Retired players, including two former Chicago Bears star players Jim McMahon and Richard Dent, have filed suit accusing the National Football League (NFL) of using painkillers to mask injuries in a “culture of drug misuse.” This filing expands the litigation over the damage former athletes suffered during their playing days. While thousands of former NFL players have sued over concussions and other head injuries sustained on the field, this case filed May 20 in federal court in San Francisco represents a new strategy to seek damages for old injuries. Mark Conrad, director of the sports business program at Fordham University’s Gabelli School of Business, made that assessment. He added:
It’s in one sense an injury-based lawsuit, but the theories behind it are quite different than the concussion lawsuits. Potentially you could have a lot of players in this case.
The eight former players who brought the suit claim the NFL administered “cocktails of medications, including opioids, local anesthetics and anti-inflammatory drugs, with little regard for drug interactions or medical histories.” As has been widely reported, the NFL already faces lawsuits over head injuries. Claims by more than 5,000 ex-players that the league hid the link between traumatic head impacts and long-term brain injuries have been consolidated in federal court in Philadelphia. A judge in January refused to approve a $914 million settlement in those cases, saying not all players would be paid. More than 500 players have signed on to the painkiller suit, including some who are also suing over concussions.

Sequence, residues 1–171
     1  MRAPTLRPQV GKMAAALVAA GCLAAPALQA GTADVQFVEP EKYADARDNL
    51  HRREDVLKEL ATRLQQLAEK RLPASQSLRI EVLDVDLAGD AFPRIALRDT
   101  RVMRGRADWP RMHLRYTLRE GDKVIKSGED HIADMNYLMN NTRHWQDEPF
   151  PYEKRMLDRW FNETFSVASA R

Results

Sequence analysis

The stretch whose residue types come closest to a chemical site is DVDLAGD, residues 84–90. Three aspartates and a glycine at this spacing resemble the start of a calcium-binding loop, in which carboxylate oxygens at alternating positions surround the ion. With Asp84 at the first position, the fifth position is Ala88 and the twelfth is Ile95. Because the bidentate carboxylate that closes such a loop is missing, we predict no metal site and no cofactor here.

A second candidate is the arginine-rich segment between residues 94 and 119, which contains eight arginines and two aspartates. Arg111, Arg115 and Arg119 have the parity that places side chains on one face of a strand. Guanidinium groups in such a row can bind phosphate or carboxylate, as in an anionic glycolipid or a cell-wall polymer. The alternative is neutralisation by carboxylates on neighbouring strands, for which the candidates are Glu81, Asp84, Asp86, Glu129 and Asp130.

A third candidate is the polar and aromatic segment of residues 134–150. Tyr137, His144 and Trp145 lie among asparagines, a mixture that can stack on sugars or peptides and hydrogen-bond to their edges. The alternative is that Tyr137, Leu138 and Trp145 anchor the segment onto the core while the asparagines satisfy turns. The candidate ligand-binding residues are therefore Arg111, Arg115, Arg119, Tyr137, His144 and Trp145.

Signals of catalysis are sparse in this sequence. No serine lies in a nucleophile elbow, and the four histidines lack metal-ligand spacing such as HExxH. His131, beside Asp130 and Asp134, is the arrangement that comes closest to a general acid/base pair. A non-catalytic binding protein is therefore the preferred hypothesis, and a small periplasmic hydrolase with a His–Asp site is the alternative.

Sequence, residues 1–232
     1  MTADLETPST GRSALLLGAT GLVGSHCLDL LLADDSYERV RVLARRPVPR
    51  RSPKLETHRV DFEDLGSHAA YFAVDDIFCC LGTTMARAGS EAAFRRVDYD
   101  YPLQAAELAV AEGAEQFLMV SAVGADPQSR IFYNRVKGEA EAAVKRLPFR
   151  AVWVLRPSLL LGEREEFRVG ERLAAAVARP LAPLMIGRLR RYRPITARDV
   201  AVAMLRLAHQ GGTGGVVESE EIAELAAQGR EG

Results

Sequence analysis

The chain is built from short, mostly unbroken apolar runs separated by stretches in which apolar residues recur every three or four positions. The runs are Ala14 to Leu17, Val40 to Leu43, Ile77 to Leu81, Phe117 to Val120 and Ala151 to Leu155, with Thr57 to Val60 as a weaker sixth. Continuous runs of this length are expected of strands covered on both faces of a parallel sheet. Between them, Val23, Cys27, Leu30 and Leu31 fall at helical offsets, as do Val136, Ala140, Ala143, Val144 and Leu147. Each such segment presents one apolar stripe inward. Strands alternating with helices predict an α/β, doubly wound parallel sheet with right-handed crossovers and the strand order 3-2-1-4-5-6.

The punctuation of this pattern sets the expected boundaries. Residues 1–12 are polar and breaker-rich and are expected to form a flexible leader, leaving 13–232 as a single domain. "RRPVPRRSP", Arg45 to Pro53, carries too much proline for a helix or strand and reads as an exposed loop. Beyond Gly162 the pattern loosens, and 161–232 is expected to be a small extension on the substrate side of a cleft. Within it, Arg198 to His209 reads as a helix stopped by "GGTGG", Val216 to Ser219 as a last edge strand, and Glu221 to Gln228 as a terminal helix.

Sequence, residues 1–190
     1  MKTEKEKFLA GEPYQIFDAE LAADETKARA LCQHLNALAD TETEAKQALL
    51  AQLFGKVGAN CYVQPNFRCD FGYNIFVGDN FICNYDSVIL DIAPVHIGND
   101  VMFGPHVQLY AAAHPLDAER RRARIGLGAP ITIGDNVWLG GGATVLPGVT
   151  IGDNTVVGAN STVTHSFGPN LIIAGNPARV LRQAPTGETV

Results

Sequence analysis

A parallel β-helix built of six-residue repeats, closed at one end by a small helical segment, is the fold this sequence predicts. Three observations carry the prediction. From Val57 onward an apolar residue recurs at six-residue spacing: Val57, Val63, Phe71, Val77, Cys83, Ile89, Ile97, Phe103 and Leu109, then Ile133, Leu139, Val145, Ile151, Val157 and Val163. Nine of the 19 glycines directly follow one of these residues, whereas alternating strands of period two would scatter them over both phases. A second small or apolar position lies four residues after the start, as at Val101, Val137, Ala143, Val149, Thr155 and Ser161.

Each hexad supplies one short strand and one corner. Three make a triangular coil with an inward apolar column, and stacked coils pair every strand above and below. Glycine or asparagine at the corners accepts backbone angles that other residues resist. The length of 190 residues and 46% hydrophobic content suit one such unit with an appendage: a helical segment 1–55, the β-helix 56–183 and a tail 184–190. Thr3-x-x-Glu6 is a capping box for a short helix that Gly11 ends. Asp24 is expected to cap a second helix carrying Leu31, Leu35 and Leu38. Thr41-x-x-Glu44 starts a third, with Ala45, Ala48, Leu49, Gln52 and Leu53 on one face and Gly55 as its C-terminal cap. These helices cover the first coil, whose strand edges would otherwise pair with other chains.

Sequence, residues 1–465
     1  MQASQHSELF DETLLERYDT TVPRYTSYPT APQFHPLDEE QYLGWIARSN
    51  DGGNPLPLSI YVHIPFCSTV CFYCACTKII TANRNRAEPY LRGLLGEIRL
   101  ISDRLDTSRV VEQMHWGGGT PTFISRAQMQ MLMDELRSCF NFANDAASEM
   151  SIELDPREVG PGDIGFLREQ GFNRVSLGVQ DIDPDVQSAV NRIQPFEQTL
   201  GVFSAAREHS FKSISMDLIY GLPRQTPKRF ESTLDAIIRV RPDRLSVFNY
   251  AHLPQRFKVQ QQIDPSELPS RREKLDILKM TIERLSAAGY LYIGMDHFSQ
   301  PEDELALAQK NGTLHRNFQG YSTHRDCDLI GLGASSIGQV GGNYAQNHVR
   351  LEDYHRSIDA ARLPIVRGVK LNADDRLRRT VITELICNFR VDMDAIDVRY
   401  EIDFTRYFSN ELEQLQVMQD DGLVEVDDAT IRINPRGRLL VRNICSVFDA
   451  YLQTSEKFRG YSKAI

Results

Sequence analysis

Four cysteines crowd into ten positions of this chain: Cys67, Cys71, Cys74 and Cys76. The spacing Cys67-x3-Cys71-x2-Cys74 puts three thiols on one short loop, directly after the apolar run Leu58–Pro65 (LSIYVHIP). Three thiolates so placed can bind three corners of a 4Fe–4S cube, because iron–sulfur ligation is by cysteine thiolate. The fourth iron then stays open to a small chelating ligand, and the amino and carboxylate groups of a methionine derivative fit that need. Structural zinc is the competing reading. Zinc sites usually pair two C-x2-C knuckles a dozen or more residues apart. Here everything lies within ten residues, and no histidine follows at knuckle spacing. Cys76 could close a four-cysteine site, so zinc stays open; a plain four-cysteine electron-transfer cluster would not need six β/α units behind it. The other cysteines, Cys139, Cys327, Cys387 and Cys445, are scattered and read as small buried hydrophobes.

The number of players covered by the complaint if it’s approved as a group lawsuit could be much more than 500 because the majority of NFL players are medicated while playing. The complaint seeks a court order blocking the NFL from medicating players so they can play with injuries, and requiring medical testing and monitoring of players with latent injuries and addictions, as well as unspecified compensatory and punitive damages.
Mel Owens, who played for the Los Angeles Rams and is now a lawyer with Namanny Byrne & Owens, a firm located in Lake Forest, Calif., represents the Plaintiffs in this latest suit. Mel’s practice is focused on sports law for professional athletes.
Source: Claims Journal
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